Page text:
Some patients complain of a stabbing, momentary intense eye pain, ‘as if a needle has been pushed into my eye.’ The pain may be bilateral but rarely affects both eyes simultaneously. The typical patient profile for this complaint is female, post-menopausal, with a history of migraine when younger and a history of systemic hypertension and/or diabetes.

This pain has been termed ophthalmodynia. Its pathophysiology is unknown however it is not associated with a threat to sight and the patient needs to be reassured of this. It has been theorised that this symptom occurs in people who have a neurovascular sensitivity, a dry eye tendency and hypoperfusion around the pain-sensitive fibres of the Vth cranial nerve. The formation of a dry spot on the cornea or conjunctiva may activate the Vth nerve leading to intense but only momentary pain, as the dry spot is lubricated by fresh tears when the subject blinks.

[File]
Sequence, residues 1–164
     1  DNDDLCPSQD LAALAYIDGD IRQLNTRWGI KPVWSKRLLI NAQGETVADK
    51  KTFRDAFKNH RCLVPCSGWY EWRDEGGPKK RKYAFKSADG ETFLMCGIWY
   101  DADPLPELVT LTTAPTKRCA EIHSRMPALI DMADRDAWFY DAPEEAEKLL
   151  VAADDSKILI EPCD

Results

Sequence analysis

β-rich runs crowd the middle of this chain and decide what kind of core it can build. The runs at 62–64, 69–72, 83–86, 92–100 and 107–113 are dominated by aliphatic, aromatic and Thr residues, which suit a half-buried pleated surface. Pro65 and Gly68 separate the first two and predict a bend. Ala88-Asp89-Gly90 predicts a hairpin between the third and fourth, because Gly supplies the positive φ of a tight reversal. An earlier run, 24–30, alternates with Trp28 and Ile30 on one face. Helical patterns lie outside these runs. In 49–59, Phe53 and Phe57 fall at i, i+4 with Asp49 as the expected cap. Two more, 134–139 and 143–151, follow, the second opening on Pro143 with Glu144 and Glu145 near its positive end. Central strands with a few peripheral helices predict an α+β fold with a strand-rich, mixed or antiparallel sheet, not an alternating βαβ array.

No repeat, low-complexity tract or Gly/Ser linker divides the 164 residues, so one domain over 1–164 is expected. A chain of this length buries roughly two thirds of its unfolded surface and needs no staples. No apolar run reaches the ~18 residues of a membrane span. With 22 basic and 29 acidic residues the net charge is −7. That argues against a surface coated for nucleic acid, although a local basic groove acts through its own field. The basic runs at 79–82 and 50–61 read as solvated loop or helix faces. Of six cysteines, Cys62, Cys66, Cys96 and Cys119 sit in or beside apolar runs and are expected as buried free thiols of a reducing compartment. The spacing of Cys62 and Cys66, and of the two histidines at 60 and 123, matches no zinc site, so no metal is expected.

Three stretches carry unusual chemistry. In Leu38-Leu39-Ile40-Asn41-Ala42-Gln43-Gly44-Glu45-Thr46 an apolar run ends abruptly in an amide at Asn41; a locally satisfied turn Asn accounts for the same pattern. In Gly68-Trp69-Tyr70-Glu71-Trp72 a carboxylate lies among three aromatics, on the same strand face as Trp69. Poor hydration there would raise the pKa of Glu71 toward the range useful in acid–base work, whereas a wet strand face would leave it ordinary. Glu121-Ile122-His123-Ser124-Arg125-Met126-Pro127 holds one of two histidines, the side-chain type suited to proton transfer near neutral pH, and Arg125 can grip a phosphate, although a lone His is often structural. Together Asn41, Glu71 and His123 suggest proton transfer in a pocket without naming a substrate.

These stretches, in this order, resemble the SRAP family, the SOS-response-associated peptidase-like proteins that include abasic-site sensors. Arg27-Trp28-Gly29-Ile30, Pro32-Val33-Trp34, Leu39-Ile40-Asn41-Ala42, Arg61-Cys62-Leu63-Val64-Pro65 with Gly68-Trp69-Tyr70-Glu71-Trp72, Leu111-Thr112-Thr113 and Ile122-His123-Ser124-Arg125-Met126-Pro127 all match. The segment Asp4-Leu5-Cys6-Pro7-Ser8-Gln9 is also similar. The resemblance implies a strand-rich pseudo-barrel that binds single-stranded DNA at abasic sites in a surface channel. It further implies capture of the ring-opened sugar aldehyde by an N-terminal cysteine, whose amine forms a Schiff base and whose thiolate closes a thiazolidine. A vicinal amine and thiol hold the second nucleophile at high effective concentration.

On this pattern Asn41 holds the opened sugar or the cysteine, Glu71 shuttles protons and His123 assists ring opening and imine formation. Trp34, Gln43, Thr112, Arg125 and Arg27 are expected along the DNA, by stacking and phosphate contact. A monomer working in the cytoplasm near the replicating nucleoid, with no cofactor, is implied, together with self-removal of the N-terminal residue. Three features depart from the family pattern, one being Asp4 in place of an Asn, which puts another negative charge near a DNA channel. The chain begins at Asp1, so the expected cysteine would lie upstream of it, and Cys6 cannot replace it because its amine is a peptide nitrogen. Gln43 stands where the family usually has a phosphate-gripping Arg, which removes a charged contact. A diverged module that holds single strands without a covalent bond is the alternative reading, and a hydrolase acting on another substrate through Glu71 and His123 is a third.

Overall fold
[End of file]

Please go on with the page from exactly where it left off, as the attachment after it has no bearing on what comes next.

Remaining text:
Aggressive use of ocular lubricants beneath the lower lid, especially at bedtime, followed by less viscous solutions during the daytime along with good lid hygiene is very likely to stop this from occurring.


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